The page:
I was standing in the hallway of our clinic one day this week, chatting with my staff. We were about to go and have a training. Suddenly we heard a chilling scream from outside. “Someone must have died,” one of our nurses said. We went outside to find a huge crowd gathered outside the emergency room. The people were crying out highly and loudly, almost like singing – a characteristic sound for mourning in this area.
From the crowd we quickly heard fragments of what had happened. A young girl was brought in to the emergency room. She had been found lifeless on the floor in her home. Someone said she had been sick for a while. I saw our expatriate nurse come out from the emergency room and approached him. He said there was nothing they could do. She was dead when they brought her in.
We stood there watching the mourning, crying crowd. Then all of a sudden the cries and screams escalated. They were earsplitting. The girl’s family members started jumping up and down, in deep, deep distress. We understood that the girl’s body was being brought out now. I stood near the pavement leading to the emergency room. I saw the girl’s closest family members coming out towards me, crying and pushing a hospital bed where the girl was lying. The girl’s mother ran by the bed, holding her daughters face, screaming from the roots of her heart.
I stood paralyzed. It is rare to witness such deep, pure pain. The family passed me with the bed. I saw the girl’s face. A beautiful, peaceful face. She looked like she was only sleeping.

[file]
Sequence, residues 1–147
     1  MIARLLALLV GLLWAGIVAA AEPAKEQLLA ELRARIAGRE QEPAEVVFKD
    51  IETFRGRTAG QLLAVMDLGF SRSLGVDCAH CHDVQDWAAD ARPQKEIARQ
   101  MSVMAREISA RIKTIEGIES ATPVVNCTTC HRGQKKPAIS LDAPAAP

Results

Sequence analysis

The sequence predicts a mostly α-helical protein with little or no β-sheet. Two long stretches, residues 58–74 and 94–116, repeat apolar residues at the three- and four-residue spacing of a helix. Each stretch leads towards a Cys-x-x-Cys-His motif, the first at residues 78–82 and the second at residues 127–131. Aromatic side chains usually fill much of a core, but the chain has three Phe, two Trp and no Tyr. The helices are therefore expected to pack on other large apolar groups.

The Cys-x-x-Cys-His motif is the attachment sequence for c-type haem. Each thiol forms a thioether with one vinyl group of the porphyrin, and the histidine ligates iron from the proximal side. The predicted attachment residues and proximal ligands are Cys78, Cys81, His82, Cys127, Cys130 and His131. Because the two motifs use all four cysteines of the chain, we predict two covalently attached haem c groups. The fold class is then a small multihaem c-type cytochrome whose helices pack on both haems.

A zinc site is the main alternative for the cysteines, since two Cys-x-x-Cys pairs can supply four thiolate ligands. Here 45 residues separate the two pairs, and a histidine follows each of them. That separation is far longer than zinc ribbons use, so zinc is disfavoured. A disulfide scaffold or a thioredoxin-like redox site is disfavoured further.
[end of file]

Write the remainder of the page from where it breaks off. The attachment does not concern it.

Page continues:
The family lifted the girl into their vehicle, accompanied by their chanting cries. I saw the girl’s little sister jump and shudder, like the pain was so great it had no space in her body and had tried to force its way out.
Next, the family would start the wake, where family members and friends sit by the girl’s side day and night. Telling stories about the girl. Holding her hands. Crying, even laughing at some moments.
I couldn’t help but think about deaths and funerals in my own country. Deaths are treated as a quite ’clinical’ matter. The body of the deceased is taken quickly to a morgue and later discreetly to the funeral home. The funerals are held with closed caskets. We cry silently into our handkerchiefs.
Despite all the immense pain and sorrow I saw around me on the hospital lawn, I felt it was a healthy way of grieving. Crying and shouting out the pain. Letting it out, showing the world how much it hurts. Seeking comfort in loved ones and in physical nearness. Helping each other live through the loss. Celebrating her life.